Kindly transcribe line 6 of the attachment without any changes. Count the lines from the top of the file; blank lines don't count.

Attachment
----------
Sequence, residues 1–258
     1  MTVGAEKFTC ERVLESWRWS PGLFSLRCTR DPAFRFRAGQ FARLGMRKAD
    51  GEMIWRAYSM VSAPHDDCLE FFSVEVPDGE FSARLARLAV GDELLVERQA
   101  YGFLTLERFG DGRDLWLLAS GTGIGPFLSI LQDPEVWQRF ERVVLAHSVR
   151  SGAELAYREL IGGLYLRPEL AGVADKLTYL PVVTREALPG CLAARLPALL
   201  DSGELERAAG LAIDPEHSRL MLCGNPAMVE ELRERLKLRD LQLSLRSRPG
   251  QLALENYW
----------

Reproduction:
   201  DSGELERAAG LAIDPEHSRL MLCGNPAMVE ELRERLKLRD LQLSLRSRPG